Embarking on Your Creative Career

A creative career is a dream for all too many people. Whether they paint, draw, write or make music, too many feel it’s impossible to make their passion into a career. Others simply don’t know where to start and stop before they’ve truly begun, relegating their artwork to the back of the dream closet. But what if I told you that you can methodically approach your art form as a career, building it systematically and increasing your chances of turning it into a viable source of sustenance?

The first and most important part of preparing to turn your passion into your career is developing a representative portfolio. No matter what you do, you’ll need to have work representative of your ability available for potential clients to look at. Obviously, you need to ensure this work is of the highest quality you can produce, and if you already have a portfolio, now is the time to weed out the less amazing works. Go through it ruthlessly; you’re actually better off presenting a small number of exceedingly good works than a large number of more mediocre ones.

While you’re polishing your portfolio, it’s important to ensure it’s well-presented, too. For example, if you’ve got a website online that showcases your work, it can be tempting to build whatever you can throw together and host for free. But paying for a custom-built website needn’t cost the earth. Spend a little bit of money just to get something professional-looking; after all, people looking for an artist will undoubtedly want someone who can present him- or herself professionally and knows how to play the game to some degree.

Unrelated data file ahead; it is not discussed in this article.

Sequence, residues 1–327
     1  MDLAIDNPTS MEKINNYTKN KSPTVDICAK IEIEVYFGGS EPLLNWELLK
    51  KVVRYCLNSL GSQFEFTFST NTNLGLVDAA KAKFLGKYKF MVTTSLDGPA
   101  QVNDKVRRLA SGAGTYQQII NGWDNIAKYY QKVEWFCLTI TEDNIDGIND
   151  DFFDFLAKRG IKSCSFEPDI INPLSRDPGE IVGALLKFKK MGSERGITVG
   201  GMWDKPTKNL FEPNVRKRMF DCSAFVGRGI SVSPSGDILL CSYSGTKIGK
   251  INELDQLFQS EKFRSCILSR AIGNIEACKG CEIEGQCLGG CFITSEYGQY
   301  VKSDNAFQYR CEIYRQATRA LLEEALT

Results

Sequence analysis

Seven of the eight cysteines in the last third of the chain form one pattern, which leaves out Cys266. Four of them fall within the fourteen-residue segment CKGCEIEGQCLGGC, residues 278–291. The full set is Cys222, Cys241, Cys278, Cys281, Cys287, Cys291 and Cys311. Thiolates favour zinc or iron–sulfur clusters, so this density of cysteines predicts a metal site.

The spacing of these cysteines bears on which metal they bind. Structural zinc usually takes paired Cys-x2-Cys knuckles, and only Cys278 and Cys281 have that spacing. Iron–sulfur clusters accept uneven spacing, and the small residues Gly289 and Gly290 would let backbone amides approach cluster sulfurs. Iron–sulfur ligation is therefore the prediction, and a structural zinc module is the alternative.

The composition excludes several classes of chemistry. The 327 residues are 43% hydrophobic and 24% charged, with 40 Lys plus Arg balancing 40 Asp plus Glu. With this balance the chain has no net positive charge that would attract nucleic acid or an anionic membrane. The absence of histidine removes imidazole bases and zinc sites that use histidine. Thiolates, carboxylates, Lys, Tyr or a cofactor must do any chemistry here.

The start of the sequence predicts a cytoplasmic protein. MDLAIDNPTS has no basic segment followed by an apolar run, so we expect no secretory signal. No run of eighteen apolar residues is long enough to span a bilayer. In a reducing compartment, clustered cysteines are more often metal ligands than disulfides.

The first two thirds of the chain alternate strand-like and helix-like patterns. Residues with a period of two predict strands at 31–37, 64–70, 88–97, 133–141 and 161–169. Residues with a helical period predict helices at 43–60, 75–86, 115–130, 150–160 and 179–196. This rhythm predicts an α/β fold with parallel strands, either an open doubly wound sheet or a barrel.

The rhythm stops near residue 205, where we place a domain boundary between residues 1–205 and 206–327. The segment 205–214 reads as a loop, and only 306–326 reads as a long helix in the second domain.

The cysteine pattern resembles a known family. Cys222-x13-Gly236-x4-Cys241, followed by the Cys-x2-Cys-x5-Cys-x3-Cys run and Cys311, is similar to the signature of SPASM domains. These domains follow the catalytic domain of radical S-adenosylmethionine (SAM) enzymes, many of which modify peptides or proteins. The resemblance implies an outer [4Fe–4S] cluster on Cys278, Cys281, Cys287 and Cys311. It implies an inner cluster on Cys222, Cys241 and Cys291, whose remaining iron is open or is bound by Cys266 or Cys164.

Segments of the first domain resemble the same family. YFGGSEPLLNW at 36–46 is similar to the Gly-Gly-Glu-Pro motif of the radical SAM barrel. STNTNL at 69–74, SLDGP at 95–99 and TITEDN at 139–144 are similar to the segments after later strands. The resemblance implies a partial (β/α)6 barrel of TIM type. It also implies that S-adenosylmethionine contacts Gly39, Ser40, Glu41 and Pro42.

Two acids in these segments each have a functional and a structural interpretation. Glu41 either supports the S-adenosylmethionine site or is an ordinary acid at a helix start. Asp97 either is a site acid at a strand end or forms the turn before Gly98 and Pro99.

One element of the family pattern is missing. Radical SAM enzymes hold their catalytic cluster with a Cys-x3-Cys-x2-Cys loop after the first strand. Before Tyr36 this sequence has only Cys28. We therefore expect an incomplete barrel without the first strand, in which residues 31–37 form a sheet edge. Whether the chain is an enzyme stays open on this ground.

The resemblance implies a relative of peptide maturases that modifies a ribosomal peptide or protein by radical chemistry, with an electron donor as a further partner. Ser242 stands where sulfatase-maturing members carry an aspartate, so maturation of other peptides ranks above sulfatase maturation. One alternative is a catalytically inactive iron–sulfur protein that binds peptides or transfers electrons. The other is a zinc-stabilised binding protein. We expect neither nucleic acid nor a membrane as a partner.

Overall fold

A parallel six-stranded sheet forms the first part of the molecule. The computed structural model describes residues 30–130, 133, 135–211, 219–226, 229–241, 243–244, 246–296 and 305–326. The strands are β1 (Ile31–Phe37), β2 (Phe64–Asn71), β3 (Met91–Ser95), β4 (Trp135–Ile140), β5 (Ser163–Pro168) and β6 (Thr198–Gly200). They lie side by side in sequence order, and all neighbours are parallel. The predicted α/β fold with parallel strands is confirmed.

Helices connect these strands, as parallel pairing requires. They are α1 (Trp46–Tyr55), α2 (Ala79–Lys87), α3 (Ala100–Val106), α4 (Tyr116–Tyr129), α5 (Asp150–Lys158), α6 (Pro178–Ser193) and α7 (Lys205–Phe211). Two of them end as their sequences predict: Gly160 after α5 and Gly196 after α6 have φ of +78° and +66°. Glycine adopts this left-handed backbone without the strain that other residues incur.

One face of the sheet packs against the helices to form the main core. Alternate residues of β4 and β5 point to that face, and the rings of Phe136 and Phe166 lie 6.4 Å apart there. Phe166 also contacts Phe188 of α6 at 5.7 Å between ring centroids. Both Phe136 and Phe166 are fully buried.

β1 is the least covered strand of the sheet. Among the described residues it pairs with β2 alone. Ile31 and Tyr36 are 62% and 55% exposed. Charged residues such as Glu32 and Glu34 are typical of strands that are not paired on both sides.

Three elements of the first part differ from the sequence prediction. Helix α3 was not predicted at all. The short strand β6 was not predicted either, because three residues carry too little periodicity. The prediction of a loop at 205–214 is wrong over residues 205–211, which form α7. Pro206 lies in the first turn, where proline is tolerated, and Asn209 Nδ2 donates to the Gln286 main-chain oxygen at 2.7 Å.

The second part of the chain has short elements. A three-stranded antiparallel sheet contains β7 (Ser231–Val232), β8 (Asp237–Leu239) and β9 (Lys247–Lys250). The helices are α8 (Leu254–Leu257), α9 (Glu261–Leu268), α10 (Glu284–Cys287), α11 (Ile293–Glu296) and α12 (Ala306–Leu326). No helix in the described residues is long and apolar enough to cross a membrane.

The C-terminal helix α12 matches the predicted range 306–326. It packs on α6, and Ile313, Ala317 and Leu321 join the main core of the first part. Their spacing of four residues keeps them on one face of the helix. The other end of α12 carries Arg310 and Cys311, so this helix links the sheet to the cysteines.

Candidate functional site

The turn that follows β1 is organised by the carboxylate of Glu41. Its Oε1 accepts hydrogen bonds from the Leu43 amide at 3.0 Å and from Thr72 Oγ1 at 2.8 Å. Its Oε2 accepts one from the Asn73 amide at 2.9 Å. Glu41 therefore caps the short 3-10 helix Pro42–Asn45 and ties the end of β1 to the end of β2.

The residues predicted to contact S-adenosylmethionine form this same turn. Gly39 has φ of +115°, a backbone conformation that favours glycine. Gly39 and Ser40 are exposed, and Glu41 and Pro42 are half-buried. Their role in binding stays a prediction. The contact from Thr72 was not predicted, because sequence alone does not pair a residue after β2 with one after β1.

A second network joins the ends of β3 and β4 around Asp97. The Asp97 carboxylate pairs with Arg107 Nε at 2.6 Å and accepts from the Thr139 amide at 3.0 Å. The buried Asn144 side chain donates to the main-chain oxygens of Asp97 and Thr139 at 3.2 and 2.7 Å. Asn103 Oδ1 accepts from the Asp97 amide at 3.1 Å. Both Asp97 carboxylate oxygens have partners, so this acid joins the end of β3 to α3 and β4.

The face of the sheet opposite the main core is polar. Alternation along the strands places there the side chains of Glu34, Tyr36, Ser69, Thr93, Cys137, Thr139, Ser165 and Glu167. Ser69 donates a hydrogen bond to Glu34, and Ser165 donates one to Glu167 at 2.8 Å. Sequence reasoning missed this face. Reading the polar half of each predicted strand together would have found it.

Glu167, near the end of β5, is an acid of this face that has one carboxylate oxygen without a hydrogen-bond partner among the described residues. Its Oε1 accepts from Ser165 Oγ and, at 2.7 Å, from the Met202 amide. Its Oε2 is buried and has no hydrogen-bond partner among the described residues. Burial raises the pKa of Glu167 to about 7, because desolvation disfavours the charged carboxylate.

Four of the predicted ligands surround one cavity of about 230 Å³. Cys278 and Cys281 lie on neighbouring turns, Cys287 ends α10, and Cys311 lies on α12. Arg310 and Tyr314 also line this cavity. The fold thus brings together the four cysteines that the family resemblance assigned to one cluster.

Lastly, be willing to do a few things for free. It may not seem to make financial sense, but when you dig deeper than the face of it, you’ll find that the advertising you get, and the credits on your CV as an artist, are well worth the effort of contributing to something for free. Look for charity assignments and people needing help who are not necessarily able to pay for it. You can often find that this paves the way to paid work. The contacts you make whilst performing these works will also help you make in-roads towards more interesting projects.

Creative careers are certainly not a sure thing, but if you realise that no career truly is and that you can approach it rationally and professionally to build it up one piece at a time, you can turn your talent into a job you could truly love doing.

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